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What to know about the 2020 MLB draft

Baseball in conference call form!

2019 Major League Baseball Draft Photo by Alex Trautwig/MLB via Getty Images

We haven’t had baseball for nearly three months now, and with owners and players at an impasse over compensation, we may not get baseball back any time soon. But that doesn’t mean we can’t have baseball-related events like the draft!

This year’s draft will look very different due to the coronavirus pandemic, but it will still serve as an important pipeline of talent to help the Royals get back to competitiveness. Here is what you need to know about the 2020 MLB draft.

When is the draft?

The 2020 MLB draft will be held begin on Wednesday, June 10 beginning at 6 p.m. CT. Teams will make the first 37 selections, comprising the first round and competitive balance round. The draft will continue on Thursday, June 11 at 4 p.m. CT for rounds 2-5.

Wait, only five rounds? Why?

Good question! Dayton Moore certainly isn’t a fan. Because of the pandemic, the college baseball season was suspended in mid-March, and most high school baseball seasons never even got started. Teams also sent scouts home about that time, so they haven’t gotten a chance to learn more about these players and see them up close.

But to be clear, this is also a chance for owners to try to cut costs. There is a movement in baseball to reduce the number of affiliated minor league teams to save costs, and cutting the draft to just five rounds reflects that trend. Teams can still sign an unlimited number of undrafted players, but they will be limited to offering them no more than a $20,000 bonus.

So how are they going to hold the draft in a pandemic?

The draft was originally going to be held in Omaha in conjunction with the College World Series, but with the college baseball season cancelled back in March and social distancing still encouraged, teams will instead draft remotely. In a way, this will be a throwback to the recent past, when the MLB draft was essentially a conference call.

When do the Royals select?

The Royals lost may have lost 103 games last year, but there were a lot of bad teams, so they will have the fourth selection, behind the Detroit Tigers, Baltimore Orioles, and Miami Marlins. The Royals will also get to select the 32nd overall pick in the competitive balance round following the first round. They will then choose 41st, 76th, 106th, and 136th, giving them six overall picks. You can see the entire draft order here.

How much can the Royals spend?

Each draft slot is assigned a dollar value by MLB, and each team can spend no more than their total allotted value on all their picks without incurring a tax on the overage and potentially losing draft picks if they exceed their allotment by five percent. The Royals will have $12,521,300 to spend on their six picks, the third-most any team can spend. This could give them some flexibility if they want to try to sign a player for over-slot. You can see complete draft bonus pools for each team here. Teams are also allowed to defer all but $100,000 of draft bonuses this year as part of their agreement with the MLBPA.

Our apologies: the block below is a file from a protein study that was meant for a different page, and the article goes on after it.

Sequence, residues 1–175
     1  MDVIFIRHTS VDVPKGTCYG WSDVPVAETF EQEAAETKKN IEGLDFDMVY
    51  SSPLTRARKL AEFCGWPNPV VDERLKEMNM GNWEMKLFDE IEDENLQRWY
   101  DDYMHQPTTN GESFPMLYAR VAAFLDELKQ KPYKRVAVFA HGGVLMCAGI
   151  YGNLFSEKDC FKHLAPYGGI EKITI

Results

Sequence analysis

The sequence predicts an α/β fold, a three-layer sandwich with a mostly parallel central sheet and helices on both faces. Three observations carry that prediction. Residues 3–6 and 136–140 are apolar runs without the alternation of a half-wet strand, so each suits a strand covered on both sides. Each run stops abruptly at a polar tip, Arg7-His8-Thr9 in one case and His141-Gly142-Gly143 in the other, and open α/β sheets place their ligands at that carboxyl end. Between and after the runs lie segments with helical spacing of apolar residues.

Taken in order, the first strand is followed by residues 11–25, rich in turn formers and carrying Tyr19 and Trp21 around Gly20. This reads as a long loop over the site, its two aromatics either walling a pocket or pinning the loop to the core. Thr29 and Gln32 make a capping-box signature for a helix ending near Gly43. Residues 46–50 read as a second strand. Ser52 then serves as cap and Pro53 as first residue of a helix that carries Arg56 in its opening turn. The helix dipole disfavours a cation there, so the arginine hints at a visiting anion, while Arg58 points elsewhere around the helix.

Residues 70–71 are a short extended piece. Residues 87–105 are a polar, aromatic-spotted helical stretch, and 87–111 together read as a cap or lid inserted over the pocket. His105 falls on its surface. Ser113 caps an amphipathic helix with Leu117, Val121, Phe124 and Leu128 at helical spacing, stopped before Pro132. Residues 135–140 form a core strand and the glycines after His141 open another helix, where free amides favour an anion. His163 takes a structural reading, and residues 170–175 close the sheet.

Where can I watch the draft?

MLB Network will air complete coverage for both days of the draft with Greg Amsinger, Al Leiter, Dan O’Dowd, Harold Reynolds and Matt Vasgersian providing coverage and analysis. ESPN will air the first day of the draft, with the second day of coverage on ESPN 2. Karl Ravech and Kiley McDaniel will provide coverage, with contributions from Chris Burke, Jessica Mendoza, Jeff Passan, Eduardo Perez and Kyle Peterson. You can also stream the draft on the ESPN app.

Well who are the Royals going to select?

The Tigers are expected to take Arizona State first baseman Spencer Torkelson. The Orioles are likely to take Vanderbilt third baseman Austin Martin, although there is some recent buzz they could work out an underslot deal possibly with Florida prep outfielder Zac Veen or New Mexico State second baseman Nick Gonzales. The Marlins seem to zeroing in on Texas A&M pitcher Asa Lacy, so the Royals will probably have their pick of Veen or Gonzales, if the Orioles decide not to select one of them. Georgia right-hander Emerson Hancock and Minnesota right-hander Max Meyer have also been mentioned as possibilities, and there could be a dark-horse like California prep outfielder Pete Crow-Armstrong. You can read about names to know for the draft here.

You can also read all our draft coverage here.


Who do you predict the Royals will select?

This poll is closed

  • 13%
    Nick Gonzales
    (50 votes)
  • 11%
    Emerson Hancock
    (43 votes)
  • 11%
    Asa Lacy
    (40 votes)
  • 9%
    Austin Martin
    (35 votes)
  • 2%
    Max Meyer
    (9 votes)
  • 47%
    Zac Veen
    (169 votes)
  • 3%
    Someone else
    (13 votes)
359 votes total Vote Now